60 Years ago today, it was an exciting day in the Sault

CJIC television station owner Eileen Hyland accepts the Liberty Gold Statue from Len Woodworth as Lionel McAuley, whose program Personalities in the News, won the award, watches. At this time in Lionel's career he had interviewed 5,000 guests

It was an exciting day in local history 60 years ago today when TV came to Sault Ste. Marie.

CJIC-TV signed on the air for the first time and although not a lot of people had tv’s , those who did welcomed friends and neighbours over to view this new technology. Things were pretty rough back then, no network feed meant CBC programming needed to be bused up for airing on the local station.

The very first broadcast was kinescope of the 1955 Grey Cup game, a few days old. Kinescope was the only way to archive “live” programming. It was achieved by using a film camera shooting a video monitor. There was no video tape back then, so most recordings were done this way.

The station was launched by Hyland Radio and TV ltd, that operated CJIC AM radio. The building at 119 east street was purchased and used to house the tv operations and radio.

Red Story and Steve Douglas with Russ Ramsay on Russ's CJIC TV Sports Show
Red Story and Steve Douglas with Russ Ramsay on Russ’s CJIC TV Sports Show

For the first three or four years CJIC TV channel 2 offered live local shows and news , movies and kinescopes from the CBC. It wasn’t until 1958 that a new microwave system was introduced, meaning live programming was now available to the affiliates from coast to coast. By 1958, CJIC was offering about 7 hours of local programming a day and signed on at noon with a ladies talk show and news.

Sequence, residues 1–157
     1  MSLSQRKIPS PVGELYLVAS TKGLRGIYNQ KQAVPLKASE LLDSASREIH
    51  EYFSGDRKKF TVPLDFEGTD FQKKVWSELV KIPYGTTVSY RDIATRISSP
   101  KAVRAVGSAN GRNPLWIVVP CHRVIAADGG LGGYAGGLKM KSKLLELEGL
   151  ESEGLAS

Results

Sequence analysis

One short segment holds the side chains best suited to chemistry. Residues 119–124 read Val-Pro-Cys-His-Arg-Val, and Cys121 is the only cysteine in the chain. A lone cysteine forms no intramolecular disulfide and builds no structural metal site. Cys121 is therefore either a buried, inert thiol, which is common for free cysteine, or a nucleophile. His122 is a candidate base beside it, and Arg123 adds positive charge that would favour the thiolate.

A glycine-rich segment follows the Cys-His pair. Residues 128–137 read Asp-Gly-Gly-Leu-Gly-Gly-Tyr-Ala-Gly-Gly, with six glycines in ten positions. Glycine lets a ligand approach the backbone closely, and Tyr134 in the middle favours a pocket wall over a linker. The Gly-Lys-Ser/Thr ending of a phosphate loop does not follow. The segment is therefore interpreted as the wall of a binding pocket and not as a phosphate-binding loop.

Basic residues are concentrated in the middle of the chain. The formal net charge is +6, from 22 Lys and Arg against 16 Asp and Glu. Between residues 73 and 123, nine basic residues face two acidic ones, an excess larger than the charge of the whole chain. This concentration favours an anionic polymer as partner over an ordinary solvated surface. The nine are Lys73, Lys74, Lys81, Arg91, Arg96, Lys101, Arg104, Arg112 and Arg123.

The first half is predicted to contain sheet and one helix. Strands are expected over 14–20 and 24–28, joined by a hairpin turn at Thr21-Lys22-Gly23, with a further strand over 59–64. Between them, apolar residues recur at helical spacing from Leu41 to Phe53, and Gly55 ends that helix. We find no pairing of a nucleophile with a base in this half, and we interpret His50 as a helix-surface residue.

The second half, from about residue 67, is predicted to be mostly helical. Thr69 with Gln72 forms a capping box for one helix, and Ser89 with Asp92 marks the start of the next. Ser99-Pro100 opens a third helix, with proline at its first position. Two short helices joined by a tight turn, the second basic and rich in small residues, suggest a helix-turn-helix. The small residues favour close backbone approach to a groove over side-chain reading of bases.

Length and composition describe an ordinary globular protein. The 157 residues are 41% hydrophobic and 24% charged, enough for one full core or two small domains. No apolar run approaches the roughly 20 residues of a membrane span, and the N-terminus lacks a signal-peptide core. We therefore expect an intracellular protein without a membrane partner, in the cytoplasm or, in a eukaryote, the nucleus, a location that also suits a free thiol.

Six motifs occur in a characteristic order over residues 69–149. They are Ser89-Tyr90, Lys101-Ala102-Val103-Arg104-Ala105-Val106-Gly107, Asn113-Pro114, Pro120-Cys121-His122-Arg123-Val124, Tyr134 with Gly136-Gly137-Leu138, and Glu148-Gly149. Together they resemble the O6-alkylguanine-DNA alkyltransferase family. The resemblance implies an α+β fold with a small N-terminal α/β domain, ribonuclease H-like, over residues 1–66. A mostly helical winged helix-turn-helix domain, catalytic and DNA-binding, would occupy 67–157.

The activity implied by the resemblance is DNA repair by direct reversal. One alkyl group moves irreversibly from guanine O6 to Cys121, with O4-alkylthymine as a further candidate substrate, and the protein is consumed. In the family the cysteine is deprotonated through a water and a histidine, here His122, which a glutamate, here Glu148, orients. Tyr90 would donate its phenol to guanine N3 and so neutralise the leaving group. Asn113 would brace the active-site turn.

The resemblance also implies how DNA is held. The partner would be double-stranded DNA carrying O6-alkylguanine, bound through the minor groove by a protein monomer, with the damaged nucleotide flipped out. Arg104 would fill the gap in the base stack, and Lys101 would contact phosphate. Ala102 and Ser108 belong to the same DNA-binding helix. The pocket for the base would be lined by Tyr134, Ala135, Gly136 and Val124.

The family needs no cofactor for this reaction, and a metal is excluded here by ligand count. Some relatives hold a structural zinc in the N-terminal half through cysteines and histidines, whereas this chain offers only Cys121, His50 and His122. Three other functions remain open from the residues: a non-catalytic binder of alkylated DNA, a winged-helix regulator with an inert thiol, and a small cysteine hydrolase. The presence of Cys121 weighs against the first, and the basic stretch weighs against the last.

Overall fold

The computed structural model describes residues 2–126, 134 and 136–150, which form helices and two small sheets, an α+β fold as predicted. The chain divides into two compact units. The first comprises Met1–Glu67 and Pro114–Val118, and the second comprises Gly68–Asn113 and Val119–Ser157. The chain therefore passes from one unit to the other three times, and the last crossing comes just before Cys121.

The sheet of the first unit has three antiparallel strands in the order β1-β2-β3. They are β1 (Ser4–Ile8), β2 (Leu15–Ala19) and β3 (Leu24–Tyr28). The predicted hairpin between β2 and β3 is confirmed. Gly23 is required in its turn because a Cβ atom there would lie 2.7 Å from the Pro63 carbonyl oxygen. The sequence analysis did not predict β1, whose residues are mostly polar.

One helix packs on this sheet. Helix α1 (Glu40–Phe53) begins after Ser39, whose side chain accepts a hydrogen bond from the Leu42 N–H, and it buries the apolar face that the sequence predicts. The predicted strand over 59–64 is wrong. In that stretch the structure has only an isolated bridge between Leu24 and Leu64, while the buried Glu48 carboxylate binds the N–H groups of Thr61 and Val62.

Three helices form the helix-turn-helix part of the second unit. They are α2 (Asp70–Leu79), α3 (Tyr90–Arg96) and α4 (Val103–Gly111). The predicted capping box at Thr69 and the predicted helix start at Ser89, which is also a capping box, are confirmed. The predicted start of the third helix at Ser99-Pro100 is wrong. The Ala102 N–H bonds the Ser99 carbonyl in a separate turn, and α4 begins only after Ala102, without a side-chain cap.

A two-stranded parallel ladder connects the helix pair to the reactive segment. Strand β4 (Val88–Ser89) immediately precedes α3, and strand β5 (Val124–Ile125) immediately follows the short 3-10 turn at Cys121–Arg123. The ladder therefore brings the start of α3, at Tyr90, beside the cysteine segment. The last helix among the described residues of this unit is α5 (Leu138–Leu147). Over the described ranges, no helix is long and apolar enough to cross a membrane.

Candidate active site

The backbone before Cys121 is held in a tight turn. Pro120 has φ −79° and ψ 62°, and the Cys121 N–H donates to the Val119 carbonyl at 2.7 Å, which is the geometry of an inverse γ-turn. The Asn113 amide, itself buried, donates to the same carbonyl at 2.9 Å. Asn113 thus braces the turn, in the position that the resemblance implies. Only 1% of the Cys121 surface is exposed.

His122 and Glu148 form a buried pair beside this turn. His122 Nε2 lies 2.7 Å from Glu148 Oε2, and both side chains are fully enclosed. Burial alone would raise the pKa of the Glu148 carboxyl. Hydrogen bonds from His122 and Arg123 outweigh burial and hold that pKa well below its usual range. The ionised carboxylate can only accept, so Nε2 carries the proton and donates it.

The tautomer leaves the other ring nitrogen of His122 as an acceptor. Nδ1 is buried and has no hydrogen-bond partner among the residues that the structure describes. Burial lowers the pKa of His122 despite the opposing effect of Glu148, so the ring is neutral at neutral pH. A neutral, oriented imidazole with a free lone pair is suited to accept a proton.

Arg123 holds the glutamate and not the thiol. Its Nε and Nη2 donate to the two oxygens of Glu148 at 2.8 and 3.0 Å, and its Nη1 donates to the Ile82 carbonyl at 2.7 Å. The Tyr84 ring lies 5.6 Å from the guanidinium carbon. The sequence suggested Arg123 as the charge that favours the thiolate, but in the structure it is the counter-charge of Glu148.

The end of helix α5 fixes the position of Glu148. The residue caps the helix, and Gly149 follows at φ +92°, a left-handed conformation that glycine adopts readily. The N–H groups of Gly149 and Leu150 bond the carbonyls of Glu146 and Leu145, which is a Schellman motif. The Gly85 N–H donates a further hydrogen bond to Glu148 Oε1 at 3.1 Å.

CJIC TV was the first TV station in the area, including the other side of the border.

In 1966, CJIC began broadcasting in colour and was completely offered in colour by 1970.

Ten years later, Hyland Radio and TV merged with Algonquin broadcasting and a new company was formed, Huron Broadcasting ltd. It operated CJIC TV, CJIC Radio and now CKCY radio along with Lake Superior Cablevision. In 1977, Huron introduced the Sault to CTV and the launch of CKCY TV, CJIC Channel 2 was moved to channel 5 and CKCY TV took over channel 2. Later, Huron sold CKCY radio and CKCY TV was changed to CHBX TV

In 1990, Huron Broadcasting sold it’s assets to Baton Broadcasting. Lake Superior cablevision was sold to McLean Hunter Cable and the two tv stations became part of the Sudbury based MCTV.

In 2001, TV operations were moved to Sudbury and CJIC TV was sold back to the CBC. CJIC TV became a repeater of Toronto station CBLT.

The CJIC TV transmitter went dark on July 31, 2012 due to budget cuts at the CBC.

Today, Sault Ste. Marie is served by the CTV network with a regional broadcast out of Sudbury. 119 east street houses local news and sales offices for the network.



  1. I remember standing in front of a storefront in Steelton on that cold November day as a ten year old kid watching the test pattern, hoping to be one of the first to see CJIC go live.

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